ABSTRACT: The scope of the present paper is to analyse one possible alternative reason for the desirability, if at all, of an EU Judicial Panel on Competition Law matters, concerning in particular a higher degree of compliance with the European Convention on Human Rights (ECHR) and the jurisprudence of the European Court of Human Rights (ECtHR), while possibly guaranteeing a more efficient EC competition law enforcement system against "hard-core" infringements, such as cartels. Particular attention is focussed on whether the power of inspection, ex Article 20(4) of Regulation 1/2003, is compatible with Article 8 ECHR. The broad power of investigation of the Commission may not allegedly meet the third criterion provided in Article 8(2) ECHR, according to which the interference has to be "necessary in a democratic society". Considering that this criterion has been interpreted by the ECtHR as referring to the existence of adequate and effective safeguards against the abuse of this power, it might not be enough for the Commission to rely on an ex post judicial review of a decision ex Article 20(4) Reg. 1/2003 by the Community Courts, as it is not pre-emptive and has not suspensory effects. Undoubtedly, in an era where the leading idea is constituted by the decentralisation of the application of EC Competition Policy by National Competition Authorities and national courts, the peculiarity of this paper is that its main purpose is to assess whether a centralised system of ex ante control from a Community Court of the Commission‘s decisions regarding the carry out of inspections in business and private premises may be somehow advisable. Far from criticising the present investigative powers of the Commission, whose respect for fundamental rights seems to fairly comply with the ECHR requirements, it cannot be denied that such reform might render the Commission‘s investigations more in line with the Convention and, in particular, with Article 8(2) thereof. Furthermore, and somehow most importantly, it might also be desirable in order to deal more effectively with hard-core cartels, in particular multi-party cartels, which might need simultaneous inspections in different places, thus requiring as many judicial warrants as the jurisdictions involved. To conclude, it is suggested that such an ex ante centralised system of control, somehow beneficial to the enforcement of EC competition law, should be implemented by the CFI, with some internal organisational reforms, rather than by a new EC judicial panel on competition law matters.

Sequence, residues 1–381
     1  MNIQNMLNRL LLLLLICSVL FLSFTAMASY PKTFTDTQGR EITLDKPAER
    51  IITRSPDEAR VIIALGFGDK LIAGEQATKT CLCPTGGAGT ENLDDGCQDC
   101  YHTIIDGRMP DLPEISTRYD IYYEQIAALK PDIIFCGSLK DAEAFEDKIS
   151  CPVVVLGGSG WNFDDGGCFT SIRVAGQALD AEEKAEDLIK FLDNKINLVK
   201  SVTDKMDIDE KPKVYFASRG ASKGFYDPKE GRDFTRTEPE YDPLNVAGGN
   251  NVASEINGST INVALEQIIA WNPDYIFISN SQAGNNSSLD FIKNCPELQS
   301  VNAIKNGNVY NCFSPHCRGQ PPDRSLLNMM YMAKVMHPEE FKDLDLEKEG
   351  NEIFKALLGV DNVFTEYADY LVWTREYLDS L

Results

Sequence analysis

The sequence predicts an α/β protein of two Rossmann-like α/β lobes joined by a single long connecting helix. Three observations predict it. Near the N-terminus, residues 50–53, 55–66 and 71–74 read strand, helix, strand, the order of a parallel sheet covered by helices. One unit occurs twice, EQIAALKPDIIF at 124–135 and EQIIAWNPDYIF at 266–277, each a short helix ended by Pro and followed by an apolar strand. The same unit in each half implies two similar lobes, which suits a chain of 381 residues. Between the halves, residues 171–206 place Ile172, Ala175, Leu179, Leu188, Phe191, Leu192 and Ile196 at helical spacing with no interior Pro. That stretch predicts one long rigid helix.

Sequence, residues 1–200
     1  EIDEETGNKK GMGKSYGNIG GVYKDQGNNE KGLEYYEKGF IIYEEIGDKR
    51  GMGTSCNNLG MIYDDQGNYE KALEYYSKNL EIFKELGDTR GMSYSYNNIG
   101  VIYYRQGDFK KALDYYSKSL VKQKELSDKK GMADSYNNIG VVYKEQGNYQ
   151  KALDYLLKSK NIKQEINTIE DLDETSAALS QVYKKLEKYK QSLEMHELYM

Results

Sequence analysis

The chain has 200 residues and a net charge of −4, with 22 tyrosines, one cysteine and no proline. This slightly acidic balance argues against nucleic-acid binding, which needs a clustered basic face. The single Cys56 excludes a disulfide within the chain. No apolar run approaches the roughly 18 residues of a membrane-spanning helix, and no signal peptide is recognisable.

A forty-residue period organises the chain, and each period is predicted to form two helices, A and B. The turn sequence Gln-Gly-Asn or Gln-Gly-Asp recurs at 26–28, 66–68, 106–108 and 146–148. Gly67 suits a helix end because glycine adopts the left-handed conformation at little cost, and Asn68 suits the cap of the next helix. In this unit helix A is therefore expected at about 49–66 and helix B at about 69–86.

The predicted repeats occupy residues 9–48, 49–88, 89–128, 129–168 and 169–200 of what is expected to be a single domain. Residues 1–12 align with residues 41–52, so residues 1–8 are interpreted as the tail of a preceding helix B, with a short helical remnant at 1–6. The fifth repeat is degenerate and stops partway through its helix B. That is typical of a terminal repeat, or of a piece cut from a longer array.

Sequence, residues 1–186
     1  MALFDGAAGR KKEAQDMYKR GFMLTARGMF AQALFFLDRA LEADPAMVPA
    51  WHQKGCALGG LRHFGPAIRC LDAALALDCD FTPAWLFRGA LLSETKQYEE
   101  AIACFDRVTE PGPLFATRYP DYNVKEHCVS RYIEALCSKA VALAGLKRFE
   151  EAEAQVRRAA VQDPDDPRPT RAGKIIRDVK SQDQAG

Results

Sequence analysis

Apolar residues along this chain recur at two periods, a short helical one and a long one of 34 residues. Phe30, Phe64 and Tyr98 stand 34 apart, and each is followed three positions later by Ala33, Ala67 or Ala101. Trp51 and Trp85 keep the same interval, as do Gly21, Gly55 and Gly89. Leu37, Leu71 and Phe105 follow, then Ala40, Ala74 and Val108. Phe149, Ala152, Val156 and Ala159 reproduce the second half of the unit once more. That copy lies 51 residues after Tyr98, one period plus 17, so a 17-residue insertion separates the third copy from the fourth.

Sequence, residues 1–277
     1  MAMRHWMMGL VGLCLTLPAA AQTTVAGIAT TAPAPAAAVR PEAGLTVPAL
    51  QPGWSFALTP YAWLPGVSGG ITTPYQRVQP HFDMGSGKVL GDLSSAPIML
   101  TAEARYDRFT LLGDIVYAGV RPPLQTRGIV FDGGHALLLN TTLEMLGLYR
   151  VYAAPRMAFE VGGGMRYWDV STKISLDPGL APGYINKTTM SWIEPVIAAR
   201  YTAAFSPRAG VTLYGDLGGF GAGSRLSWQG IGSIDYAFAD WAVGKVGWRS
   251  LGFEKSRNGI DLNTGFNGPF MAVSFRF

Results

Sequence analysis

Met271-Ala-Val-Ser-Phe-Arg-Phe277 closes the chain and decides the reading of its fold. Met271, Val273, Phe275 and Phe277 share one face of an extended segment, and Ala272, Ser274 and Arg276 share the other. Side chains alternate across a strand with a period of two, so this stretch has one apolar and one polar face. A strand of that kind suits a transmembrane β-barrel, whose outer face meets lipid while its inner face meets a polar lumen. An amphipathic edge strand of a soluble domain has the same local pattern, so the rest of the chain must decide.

April 24, 2008 | Permalink | Comments (0) | TrackBack (0)

Wednesday, April 23, 2008

Call For Papers - FTC Microeconomics Conference

Posted by D. Daniel Sokol

The Federal Trade Commission's Bureau of Economics will host a two day conference to bring together scholars working in industrial organization, information economics, game theory, quantitative marketing, consumer behavior, and other areas related to the FTC’s antitrust and consumer policy missions.